In a moment of hope for the future, the New York Declaration for Refugees and Migrants (see para. 52 above) took a strong, principled stand, with Member States committing to protect the human rights of all migrants regardless of their migratory status at all times and taking into account the specific needs of those in vulnerable situations. The Organization is supporting States in this endeavour, but greater and more consistent leadership is needed across every region.
Human rights are at the core of my call for prevention and sustaining peace
Human rights measures are the lifeblood of any effort to prevent conflict and sustain peace. They are investments which bring both immediate and long-term benefits in building resilience, redressing grievances, reducing inequality and advancing sustainable development.
This is why, in the past year, we have deployed rapid and multidisciplinary “light teams” to situations of concern in Burkina Faso, Lesotho and the Congo. The Human Rights Council established three commissions of inquiry and fact-finding missions during the reporting period, on South Sudan, the Syrian Arab Republic and Burundi, respectively, as well as a group of independent experts on accountability for the Democratic People’s Republic of Korea. The Office of the United Nations High Commissioner for Human Rights also deployed nine other inquiries, including on Yemen and Myanmar.
These missions conduct on-the-ground investigations and deliver fact-based impartial assessments, giving voice to the victims and drawing attention to situations of urgent global concern. Their findings and targeted recommendations lay the foundation to hold States, non-State actors and individuals accountable. Field officers also monitor and investigate allegations to prompt States to fulfil their human rights obligations, thus preventing future violations. Working with media is also essential. Most recently, during the siege and bombardment of eastern Aleppo in the Syrian Arab Republic and during hostilities in Burundi, strong, well-informed public statements helped to generate media coverage, which helped to mitigate some serious abuses and violations.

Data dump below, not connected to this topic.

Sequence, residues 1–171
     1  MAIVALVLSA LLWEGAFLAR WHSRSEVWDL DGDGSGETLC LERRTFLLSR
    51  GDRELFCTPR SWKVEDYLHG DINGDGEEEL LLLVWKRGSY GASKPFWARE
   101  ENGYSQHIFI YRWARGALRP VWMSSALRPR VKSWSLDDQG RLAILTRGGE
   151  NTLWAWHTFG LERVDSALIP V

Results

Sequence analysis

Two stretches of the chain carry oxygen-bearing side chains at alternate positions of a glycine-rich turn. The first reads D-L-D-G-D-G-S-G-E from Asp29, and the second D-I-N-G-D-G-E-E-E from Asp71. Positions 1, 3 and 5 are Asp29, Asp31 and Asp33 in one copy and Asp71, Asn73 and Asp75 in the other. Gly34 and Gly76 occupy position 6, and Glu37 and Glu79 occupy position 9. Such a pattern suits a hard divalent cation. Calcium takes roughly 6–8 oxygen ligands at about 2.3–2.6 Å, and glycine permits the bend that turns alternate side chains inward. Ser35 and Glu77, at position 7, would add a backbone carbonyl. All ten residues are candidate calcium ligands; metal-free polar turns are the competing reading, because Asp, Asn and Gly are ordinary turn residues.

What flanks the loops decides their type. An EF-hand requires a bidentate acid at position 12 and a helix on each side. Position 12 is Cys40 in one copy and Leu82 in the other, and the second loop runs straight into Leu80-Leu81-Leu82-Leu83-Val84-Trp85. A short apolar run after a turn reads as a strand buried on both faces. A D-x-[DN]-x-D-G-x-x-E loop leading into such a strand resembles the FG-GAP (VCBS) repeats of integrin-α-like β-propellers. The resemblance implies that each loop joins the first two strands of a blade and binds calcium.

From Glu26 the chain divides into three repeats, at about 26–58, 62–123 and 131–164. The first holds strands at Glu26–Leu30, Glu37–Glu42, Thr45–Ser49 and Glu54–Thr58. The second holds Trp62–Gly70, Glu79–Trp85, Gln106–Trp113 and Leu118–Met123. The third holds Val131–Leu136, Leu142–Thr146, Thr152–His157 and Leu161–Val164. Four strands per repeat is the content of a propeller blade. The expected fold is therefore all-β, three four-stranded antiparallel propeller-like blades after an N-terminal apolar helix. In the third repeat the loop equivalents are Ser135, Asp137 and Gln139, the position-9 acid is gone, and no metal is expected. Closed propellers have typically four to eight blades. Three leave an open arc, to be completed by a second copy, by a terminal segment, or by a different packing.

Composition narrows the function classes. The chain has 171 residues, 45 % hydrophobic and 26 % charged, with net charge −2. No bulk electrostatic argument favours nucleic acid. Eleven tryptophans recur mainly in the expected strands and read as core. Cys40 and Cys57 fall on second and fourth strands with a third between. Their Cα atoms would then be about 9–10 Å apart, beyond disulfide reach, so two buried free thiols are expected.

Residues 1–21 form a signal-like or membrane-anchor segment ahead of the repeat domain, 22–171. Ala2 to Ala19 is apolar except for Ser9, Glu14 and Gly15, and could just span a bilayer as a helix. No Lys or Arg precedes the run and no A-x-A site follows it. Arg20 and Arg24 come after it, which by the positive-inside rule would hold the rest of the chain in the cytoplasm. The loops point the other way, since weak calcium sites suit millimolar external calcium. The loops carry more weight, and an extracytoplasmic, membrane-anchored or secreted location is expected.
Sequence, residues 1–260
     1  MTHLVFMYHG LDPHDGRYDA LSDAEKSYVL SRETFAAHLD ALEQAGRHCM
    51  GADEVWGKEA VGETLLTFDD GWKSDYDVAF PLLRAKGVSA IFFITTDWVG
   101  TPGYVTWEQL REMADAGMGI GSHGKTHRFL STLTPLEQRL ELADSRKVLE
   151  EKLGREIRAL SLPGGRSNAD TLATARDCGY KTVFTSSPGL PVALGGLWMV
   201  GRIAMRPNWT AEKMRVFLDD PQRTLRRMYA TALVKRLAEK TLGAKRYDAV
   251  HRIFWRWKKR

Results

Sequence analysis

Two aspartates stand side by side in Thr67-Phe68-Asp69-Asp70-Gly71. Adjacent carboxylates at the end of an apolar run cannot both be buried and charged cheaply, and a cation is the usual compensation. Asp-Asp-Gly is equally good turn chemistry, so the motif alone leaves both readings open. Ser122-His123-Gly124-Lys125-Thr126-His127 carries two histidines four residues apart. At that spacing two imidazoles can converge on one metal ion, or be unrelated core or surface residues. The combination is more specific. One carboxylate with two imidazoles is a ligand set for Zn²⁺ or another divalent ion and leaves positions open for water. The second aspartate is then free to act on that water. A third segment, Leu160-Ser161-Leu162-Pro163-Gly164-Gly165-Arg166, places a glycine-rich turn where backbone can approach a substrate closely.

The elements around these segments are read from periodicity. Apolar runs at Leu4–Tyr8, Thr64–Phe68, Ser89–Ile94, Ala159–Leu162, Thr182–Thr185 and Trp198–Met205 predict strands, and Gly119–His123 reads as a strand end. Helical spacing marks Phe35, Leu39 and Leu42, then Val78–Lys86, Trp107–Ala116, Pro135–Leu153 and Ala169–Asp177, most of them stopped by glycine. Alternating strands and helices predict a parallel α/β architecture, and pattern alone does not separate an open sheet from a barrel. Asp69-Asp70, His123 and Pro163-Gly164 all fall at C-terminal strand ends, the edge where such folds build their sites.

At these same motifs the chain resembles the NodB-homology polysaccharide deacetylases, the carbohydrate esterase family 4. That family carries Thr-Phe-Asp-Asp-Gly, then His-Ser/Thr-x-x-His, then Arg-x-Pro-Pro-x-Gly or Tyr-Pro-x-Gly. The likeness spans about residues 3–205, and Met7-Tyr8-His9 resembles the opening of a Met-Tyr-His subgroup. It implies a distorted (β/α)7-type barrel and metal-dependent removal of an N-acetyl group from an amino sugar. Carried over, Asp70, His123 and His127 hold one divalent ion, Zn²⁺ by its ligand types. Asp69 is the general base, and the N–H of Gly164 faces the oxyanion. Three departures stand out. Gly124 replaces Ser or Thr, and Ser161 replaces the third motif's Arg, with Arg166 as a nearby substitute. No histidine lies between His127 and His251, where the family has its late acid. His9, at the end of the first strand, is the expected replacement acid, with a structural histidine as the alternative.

A backlash against the advancement of women’s rights has fuelled rollbacks of legislation relating to gender-based violence and sexual and reproductive rights. We must move with all deliberate speed towards greater equality, especially in terms of violence against women, conflict-related sexual abuse, trafficking and related exploitation and the pervasive discrimination that deprives millions of women of education, economic resources and reproductive rights. There must be stronger action against the recruitment and use of girls in armed conflict, including their sexual enslavement and use as suicide bombers. During the reporting period, we continued to assist countries to improve laws relating to the human rights of women and girls and agreed on frameworks for action to prevent and respond to conflict-related sexual violence and ensure accountability.